A couple of weeks ago....some economics students from the US and Germany....stood up and made a remarkable statement. Basically....they were tired of seeing a continual trend of education....tilted toward one particular side of economics. Their general argument is that it's not a very recent trend.....that it's been going on for decades.
Economics is a science that has a number of theories....none proven to absolutes. There are trends, and they get explained. Once some economic system has moved on.....then more theories are put on the table....to be used until another trend has occurred. What the students are generally saying is that the college professor crowd is busy explaining the current trend, but rarely going back to look at past theories or trends.
This brings to mind what history has said about colleges and their original purpose. The Catholic Church in Europe was the original sponsor of most university settings. Call it the background of 'enlightenment' or whatever....but a noted number of scholars at the time....were called into large rooms to challenge young men to think. You were given some useful tools of analysis....some logical assumptions....a few facts.....and by the end....you had an open mind.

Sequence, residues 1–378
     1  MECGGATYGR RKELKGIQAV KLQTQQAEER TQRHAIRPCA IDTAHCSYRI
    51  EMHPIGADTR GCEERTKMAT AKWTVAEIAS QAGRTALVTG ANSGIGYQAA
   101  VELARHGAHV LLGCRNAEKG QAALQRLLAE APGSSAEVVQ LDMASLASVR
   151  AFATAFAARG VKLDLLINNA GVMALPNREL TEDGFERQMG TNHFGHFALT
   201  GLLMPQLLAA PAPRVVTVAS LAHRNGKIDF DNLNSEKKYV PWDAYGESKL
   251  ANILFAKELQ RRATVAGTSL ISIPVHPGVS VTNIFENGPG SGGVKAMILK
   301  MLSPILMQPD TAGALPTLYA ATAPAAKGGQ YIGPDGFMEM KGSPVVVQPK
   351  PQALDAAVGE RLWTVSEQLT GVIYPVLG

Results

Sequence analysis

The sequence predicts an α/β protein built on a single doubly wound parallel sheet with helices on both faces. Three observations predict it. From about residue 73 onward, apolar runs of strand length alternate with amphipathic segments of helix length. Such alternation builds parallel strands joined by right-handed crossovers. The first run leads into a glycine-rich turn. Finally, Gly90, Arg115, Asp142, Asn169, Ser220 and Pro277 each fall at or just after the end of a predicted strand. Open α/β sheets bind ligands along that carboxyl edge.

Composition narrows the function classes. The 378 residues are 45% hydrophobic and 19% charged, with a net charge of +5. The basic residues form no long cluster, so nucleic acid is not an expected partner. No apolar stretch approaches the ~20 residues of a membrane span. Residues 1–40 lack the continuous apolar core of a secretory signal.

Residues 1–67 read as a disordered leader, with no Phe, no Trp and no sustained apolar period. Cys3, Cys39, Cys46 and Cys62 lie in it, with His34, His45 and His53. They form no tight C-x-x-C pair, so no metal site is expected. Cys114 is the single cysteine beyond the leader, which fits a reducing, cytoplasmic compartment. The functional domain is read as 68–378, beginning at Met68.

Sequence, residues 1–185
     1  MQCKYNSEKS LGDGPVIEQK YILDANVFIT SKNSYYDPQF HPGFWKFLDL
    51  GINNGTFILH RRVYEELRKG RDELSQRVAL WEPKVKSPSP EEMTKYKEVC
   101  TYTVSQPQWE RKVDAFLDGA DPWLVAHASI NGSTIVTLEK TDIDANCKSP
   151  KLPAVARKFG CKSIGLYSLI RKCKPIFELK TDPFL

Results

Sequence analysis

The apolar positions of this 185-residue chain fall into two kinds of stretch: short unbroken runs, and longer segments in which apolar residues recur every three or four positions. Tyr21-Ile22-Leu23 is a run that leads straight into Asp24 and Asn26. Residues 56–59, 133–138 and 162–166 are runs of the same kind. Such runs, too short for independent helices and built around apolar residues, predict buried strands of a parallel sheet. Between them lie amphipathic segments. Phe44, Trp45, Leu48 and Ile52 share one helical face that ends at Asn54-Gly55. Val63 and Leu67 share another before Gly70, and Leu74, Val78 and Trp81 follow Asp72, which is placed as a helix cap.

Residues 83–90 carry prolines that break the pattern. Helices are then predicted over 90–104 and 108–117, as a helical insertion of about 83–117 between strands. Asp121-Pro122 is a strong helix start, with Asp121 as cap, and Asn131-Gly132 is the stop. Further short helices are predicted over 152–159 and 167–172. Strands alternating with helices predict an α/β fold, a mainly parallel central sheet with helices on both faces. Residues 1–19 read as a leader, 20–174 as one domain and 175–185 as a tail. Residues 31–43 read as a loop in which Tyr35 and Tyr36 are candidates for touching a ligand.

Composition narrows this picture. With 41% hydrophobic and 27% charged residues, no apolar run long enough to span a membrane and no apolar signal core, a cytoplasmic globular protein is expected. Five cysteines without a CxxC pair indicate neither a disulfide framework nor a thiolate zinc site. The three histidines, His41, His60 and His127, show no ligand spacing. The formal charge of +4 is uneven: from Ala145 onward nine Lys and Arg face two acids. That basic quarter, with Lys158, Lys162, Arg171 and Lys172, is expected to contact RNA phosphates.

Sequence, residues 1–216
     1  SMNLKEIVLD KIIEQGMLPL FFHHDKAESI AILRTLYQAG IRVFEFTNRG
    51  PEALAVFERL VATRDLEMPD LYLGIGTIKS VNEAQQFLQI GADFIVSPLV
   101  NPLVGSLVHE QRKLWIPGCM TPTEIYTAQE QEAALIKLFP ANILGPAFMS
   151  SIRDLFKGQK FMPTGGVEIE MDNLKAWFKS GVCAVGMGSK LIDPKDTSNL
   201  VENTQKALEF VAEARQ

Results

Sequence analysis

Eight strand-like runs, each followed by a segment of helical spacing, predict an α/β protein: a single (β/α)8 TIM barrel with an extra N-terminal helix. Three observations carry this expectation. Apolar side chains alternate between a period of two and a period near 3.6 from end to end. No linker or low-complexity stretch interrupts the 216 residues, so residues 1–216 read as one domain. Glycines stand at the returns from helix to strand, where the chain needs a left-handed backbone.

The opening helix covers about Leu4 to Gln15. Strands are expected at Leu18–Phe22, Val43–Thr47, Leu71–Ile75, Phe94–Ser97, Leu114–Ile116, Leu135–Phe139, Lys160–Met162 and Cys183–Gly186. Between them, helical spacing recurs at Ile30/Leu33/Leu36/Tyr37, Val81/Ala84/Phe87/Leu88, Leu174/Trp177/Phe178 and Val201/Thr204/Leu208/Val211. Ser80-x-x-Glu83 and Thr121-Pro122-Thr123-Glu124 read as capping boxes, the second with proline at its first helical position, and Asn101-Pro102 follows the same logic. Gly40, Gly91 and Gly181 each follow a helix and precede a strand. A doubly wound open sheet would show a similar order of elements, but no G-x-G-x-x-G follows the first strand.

One of the curious things about American colleges throughout the 1800s...was that you could not graduate any university, unless you took a class or two in debate, and actually engaged in a few debates. Today? The vast majority of university requirements leave out debate or argument as mandatory. They mandate an English class or two....maybe one science and math class....and then it's wide open.
Equating today's university system to the colleges that existed in the 1600s? I think if you measured it upon an open mind and logical abilities to deduct conclusions....the graduate of today would not be able to stand up against the minds set loose four hundred years ago. Today's graduates would have facts, and know various processes and theories....but when you get down to reasoning and asking more questions....he'd mostly just sit there and look at you.
What will become of the students taking this stance on economics? The university chancellors will quietly sit down and ask some stupid questions....and suggest that maybe a professor or two be added.....who teach subjects generally left off the big list of topics. The university will then turn around and admit that it's more of an experiment....than a real change...to see if this makes any real difference. Just my humble opinion.